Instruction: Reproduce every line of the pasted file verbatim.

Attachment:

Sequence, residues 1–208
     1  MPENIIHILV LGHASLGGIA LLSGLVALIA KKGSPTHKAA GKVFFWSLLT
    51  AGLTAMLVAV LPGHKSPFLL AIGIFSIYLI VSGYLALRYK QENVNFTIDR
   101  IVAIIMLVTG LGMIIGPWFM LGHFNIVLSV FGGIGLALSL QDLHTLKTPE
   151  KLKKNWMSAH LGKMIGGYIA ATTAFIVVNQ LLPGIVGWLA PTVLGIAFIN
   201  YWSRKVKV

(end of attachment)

Sequence, residues 1–208
     1  MPENIIHILV LGHASLGGIA LLSGLVALIA KKGSPTHKAA GKVFFWSLLT
    51  AGLTAMLVAV LPGHKSPFLL AIGIFSIYLI VSGYLALRYK QENVNFTIDR
   101  IVAIIMLVTG LGMIIGPWFM LGHFNIVLSV FGGIGLALSL QDLHTLKTPE
   151  KLKKNWMSAH LGKMIGGYIA ATTAFIVVNQ LLPGIVGWLA PTVLGIAFIN
   201  YWSRKVKV